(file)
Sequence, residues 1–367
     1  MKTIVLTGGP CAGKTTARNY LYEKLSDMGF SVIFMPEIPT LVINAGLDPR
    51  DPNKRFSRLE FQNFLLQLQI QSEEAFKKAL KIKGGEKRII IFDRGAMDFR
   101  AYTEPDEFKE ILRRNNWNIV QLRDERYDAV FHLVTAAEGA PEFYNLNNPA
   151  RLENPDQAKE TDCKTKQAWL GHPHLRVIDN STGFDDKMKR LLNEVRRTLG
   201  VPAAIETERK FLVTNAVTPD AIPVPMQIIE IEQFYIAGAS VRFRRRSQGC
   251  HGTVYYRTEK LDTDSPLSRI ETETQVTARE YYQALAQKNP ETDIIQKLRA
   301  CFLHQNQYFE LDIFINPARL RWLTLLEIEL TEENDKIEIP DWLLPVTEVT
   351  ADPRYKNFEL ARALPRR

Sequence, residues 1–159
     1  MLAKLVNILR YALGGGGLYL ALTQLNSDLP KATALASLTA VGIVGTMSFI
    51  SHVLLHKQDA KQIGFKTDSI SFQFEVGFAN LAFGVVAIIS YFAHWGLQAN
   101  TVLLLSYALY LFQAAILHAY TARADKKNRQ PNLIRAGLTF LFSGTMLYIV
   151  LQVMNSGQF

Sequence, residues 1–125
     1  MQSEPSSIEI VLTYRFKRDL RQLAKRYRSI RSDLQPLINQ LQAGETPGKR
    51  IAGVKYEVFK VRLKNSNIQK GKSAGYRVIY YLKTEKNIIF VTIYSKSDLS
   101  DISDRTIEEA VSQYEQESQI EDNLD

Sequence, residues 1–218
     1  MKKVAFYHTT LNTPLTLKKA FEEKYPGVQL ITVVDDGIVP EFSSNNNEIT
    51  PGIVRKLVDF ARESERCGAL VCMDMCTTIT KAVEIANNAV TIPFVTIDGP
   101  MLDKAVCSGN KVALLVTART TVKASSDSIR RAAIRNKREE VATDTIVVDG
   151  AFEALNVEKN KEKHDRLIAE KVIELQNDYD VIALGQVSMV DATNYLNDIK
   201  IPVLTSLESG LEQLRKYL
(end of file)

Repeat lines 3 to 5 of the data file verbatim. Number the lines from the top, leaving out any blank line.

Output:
    51  DPNKRFSRLE FQNFLLQLQI QSEEAFKKAL KIKGGEKRII IFDRGAMDFR
   101  AYTEPDEFKE ILRRNNWNIV QLRDERYDAV FHLVTAAEGA PEFYNLNNPA
   151  RLENPDQAKE TDCKTKQAWL GHPHLRVIDN STGFDDKMKR LLNEVRRTLG